Envinity’s main business is air filters for petrochemical firms and for companies such as yacht building firms that do a lot of spray painting. Envinity also sells scrubbers designed for hothouse lettuce and tomato operations.
To meet the challenge in cannabis, a new industry for his firm, Van der Burg said Envinity tested 500 filters to develop a model that worked. Figuring out what odor is and what it does was “a very, very, very difficult question,” he said.
Inside the Envinity scrubbers, greenhouse air is pre-filtered to remove both large and small particles before they can clog up the works. Next, the air passes through a carbon filter, where it is exposed to titanium oxide and ultraviolet light to oxidize and reduce the smelly gases. In the final stage, another filter captures any remaining gases. The technology is the first of its kind and the only model to be tested in a controlled study in the Carpinteria Valley.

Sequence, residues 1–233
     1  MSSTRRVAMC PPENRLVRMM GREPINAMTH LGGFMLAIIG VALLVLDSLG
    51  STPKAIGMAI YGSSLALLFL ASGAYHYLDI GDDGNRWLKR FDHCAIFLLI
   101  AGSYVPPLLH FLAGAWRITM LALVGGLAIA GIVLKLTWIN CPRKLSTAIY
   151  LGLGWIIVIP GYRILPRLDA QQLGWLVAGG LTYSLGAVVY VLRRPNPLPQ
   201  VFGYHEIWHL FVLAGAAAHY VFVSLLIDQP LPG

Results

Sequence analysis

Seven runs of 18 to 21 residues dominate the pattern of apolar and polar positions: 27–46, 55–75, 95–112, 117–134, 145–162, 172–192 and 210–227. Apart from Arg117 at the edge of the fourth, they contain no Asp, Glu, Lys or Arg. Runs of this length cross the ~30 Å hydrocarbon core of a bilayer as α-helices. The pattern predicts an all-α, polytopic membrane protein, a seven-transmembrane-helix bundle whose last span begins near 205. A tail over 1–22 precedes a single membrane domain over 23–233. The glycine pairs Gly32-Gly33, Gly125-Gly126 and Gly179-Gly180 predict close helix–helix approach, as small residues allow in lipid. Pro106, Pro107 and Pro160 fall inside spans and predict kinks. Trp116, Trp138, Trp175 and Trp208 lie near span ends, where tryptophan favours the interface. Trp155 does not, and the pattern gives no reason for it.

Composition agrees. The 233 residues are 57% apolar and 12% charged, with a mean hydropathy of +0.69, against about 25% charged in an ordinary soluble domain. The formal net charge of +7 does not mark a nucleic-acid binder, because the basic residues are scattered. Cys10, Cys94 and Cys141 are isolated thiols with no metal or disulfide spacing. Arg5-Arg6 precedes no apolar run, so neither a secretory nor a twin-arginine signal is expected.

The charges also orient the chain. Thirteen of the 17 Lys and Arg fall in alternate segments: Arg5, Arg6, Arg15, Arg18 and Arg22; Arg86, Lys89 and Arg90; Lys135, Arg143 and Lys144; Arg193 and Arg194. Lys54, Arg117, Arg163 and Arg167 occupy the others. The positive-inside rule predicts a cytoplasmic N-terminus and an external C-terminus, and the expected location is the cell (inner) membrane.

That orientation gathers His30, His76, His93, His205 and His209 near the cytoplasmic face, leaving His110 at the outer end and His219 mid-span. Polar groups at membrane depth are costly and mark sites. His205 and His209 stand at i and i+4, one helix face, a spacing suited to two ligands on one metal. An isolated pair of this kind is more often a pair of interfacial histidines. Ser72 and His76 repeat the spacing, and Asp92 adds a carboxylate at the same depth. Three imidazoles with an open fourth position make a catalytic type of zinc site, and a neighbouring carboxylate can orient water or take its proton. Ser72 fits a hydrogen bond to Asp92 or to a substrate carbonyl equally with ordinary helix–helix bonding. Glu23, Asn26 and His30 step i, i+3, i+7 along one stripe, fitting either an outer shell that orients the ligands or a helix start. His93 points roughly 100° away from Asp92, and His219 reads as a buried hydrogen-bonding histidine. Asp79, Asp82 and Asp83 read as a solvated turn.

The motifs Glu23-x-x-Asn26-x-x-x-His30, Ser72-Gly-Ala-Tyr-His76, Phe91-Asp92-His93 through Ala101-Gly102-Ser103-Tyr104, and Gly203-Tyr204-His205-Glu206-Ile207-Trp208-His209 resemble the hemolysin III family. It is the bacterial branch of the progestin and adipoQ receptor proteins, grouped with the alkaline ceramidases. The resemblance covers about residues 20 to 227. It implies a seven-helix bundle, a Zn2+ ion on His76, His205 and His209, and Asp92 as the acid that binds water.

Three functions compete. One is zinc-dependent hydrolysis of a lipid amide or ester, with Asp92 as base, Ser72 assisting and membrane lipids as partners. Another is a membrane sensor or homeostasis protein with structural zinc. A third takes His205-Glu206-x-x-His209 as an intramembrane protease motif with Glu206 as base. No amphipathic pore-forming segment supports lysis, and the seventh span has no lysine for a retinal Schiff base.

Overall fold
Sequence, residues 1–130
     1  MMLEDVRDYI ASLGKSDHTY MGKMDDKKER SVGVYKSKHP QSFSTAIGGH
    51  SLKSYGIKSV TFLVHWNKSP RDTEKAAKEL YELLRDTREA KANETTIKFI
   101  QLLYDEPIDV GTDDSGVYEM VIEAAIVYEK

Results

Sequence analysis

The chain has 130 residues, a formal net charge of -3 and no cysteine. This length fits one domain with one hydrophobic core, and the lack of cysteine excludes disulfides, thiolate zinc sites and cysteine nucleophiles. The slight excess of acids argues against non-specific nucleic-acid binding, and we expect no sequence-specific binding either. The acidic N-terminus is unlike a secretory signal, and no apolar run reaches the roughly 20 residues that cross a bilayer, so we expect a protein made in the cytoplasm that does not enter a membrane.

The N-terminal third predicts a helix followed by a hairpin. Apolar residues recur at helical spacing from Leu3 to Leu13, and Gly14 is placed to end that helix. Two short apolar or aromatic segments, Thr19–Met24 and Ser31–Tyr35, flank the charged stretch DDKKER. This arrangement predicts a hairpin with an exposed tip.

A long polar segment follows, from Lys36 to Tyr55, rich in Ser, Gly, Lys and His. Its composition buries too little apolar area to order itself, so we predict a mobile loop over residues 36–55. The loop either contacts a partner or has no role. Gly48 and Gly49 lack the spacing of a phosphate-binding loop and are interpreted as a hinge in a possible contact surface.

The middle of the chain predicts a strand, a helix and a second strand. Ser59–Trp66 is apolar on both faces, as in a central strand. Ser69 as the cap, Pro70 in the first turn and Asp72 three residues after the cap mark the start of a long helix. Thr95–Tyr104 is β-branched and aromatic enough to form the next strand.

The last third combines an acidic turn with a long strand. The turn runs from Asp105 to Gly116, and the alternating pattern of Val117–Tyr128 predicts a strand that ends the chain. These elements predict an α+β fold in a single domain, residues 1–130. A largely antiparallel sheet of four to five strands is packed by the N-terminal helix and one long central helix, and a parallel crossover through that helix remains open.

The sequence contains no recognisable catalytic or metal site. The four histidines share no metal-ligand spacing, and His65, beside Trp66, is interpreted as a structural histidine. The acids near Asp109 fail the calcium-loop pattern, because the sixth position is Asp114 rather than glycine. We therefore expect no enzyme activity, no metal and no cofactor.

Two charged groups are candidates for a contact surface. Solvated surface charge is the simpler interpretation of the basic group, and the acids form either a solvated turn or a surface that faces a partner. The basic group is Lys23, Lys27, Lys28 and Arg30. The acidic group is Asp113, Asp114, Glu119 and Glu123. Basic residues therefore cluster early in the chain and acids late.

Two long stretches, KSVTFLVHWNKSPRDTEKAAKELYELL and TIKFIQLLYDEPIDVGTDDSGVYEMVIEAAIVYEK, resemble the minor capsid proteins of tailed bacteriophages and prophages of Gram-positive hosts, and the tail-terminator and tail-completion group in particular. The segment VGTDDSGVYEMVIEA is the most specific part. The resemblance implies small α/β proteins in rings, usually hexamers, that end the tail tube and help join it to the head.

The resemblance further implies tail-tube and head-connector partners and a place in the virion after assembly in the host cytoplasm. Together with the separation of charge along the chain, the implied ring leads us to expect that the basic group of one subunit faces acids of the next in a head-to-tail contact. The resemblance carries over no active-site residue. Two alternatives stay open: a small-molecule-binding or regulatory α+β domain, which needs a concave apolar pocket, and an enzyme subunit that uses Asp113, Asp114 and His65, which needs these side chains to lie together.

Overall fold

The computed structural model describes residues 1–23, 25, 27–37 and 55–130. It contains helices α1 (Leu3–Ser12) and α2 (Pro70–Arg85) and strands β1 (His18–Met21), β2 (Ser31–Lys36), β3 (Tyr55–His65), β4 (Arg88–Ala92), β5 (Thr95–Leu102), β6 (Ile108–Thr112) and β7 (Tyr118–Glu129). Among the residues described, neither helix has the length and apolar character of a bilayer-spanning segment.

Van der Burg’s own government, while tolerating the illegal sale of cannabis in coffee shops, has proceeded with caution when it comes to cultivation, which is still illegal in the Netherlands.
After a four-year period of research on the cultivation, supply and use of cannabis; growers’ banking problems and potential crime and public health problems, the government will allow the first two growers in the Netherlands’ “Controlled Cannabis Supply Chain Experiment” to start growing marijuana in December. They will be delivering to coffee shops in two Dutch cities. The shops must be owned by residents of the Netherlands and can sell cannabis only to residents of the Netherlands. In all, 10 growers and 11 cities will eventually participate in the pilot project.
“They want to be sure if cannabis is being produced, it’s being produced the way the government wants it to be produced, with all the correct permits,” van der Burg said. “It is really organized.”